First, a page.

(Reuters) – U.S.-listed shares of Chinese technology companies rose, driven by signs of China easing its regulatory crackdown on the country’s internet companies, while falling COVID-19 cases raised hopes of a boost to economic activity.
Chinese Vice-Premier Liu He told tech executives on Tuesday that the government supported the development of the sector and will back tech firms pursuing listings in the country and overseas.
American despository receipts of companies such as Baidu Inc, Pinduoduo Inc, Alibaba Group, iQiyi Inc and Didi Global rose between 5.5% and 13.5%.
Liu spoke at a meeting convened by China’s top political consultative body, the Chinese People’s Political Consultative Conference (CPPCC).
The conversations between China’s ruling body and technology executives does seem to bring about expectations that the tech crackdown might be coming to an end, said Danni Hewson, an analyst at AJ Bell.
“When you look at some of the valuations now, they look good by comparison to some of the US tech stocks and there is a massive marketplace for them,” Hewson added.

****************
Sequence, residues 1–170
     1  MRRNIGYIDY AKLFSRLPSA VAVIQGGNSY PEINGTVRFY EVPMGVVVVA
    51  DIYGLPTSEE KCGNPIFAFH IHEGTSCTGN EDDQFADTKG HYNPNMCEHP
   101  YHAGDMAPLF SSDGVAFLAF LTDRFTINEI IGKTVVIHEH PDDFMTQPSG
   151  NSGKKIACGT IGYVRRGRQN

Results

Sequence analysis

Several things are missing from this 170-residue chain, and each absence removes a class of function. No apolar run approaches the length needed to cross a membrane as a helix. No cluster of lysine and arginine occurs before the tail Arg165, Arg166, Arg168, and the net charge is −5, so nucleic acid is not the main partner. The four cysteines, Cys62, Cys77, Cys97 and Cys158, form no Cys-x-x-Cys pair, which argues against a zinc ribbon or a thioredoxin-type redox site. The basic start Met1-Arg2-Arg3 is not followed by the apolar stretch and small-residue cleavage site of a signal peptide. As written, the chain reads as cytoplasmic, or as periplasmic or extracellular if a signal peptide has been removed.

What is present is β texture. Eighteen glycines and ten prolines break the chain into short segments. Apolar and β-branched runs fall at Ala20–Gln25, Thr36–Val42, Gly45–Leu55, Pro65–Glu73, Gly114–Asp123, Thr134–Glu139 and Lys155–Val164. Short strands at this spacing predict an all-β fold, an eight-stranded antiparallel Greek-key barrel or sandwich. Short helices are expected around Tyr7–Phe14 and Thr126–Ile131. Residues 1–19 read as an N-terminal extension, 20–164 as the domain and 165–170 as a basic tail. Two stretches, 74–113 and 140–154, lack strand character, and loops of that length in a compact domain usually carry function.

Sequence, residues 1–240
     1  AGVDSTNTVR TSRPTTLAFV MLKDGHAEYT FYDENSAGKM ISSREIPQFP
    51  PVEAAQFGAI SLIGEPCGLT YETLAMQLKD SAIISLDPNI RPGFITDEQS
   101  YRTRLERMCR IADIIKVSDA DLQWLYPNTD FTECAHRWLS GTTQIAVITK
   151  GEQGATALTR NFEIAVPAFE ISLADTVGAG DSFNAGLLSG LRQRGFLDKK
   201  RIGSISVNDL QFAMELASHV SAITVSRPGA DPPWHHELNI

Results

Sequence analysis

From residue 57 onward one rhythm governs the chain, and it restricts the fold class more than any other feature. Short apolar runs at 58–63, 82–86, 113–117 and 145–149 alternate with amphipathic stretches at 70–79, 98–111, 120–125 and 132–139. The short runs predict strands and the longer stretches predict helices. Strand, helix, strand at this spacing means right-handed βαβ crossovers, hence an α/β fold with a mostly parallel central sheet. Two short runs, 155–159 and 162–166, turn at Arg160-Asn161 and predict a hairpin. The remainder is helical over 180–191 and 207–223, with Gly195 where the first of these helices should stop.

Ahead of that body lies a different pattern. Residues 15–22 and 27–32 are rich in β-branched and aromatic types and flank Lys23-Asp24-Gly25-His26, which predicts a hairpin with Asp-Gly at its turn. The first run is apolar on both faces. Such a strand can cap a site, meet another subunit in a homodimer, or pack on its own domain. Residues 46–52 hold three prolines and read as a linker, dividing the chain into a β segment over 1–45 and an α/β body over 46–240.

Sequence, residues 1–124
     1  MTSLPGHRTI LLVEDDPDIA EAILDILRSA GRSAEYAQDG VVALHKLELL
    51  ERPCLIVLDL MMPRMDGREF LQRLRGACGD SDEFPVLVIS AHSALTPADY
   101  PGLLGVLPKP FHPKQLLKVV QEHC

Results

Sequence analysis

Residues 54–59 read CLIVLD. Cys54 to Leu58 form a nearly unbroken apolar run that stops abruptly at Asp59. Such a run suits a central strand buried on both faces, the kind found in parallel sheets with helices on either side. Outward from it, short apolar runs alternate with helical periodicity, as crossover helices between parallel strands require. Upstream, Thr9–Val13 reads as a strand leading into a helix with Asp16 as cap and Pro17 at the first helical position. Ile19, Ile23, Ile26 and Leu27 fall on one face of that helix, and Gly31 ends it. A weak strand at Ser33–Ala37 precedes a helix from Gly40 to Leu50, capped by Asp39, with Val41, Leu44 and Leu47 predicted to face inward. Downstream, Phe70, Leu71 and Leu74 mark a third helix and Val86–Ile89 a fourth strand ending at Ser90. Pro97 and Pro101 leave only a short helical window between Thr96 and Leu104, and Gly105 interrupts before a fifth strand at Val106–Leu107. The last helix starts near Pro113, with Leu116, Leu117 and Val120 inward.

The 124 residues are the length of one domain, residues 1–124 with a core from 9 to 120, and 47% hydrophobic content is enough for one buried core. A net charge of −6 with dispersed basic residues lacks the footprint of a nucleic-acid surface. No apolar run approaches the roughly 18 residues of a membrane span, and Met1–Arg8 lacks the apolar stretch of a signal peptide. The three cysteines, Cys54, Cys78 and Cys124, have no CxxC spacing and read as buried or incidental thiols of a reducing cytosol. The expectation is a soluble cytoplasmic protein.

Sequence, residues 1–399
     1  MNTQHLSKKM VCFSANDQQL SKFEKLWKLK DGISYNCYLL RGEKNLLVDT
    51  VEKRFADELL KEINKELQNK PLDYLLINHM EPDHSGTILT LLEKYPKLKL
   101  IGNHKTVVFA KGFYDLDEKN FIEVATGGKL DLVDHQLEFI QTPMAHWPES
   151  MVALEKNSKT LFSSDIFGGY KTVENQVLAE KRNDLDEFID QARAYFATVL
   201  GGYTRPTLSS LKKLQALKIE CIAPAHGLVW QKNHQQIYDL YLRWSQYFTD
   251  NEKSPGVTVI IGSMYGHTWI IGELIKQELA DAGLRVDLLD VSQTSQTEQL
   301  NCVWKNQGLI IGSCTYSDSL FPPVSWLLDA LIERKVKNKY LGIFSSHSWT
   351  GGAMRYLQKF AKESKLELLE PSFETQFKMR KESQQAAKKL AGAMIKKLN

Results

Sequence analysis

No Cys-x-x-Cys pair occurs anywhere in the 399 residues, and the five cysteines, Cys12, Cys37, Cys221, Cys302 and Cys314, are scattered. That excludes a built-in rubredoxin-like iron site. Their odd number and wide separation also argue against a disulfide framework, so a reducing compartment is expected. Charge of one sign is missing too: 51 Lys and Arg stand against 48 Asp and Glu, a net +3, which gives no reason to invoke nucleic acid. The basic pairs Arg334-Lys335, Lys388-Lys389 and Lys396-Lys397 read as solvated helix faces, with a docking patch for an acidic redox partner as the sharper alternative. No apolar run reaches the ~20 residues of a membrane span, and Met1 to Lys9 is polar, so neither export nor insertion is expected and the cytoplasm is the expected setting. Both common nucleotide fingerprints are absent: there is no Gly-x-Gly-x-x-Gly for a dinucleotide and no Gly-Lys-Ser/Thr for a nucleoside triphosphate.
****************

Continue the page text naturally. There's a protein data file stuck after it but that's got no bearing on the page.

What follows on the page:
Shanghai reported no new COVID-19 cases outside of quarantine zones and the nation’s caseload fell as the city plans to resume outdoor activities in stages.
The country’s state planner also said it would strengthen support for manufacturers, service sector and small firms as COVID-19 lockdowns hit economic activity.
Chinese technology companies have been hit since the country cracked down on the sector in late 2020.
GRAPHIC: China’s U.S.-listed tech stocks since regulatory crackdown https://graphics.reuters.com/CHINA-STOCKS/lgvdwewkapo/Pasted%20image%201652782498775.png
(Reporting by Akash Sriram and Bansari Mayur Kamdar in Bengaluru; Editing by Maju Samuel)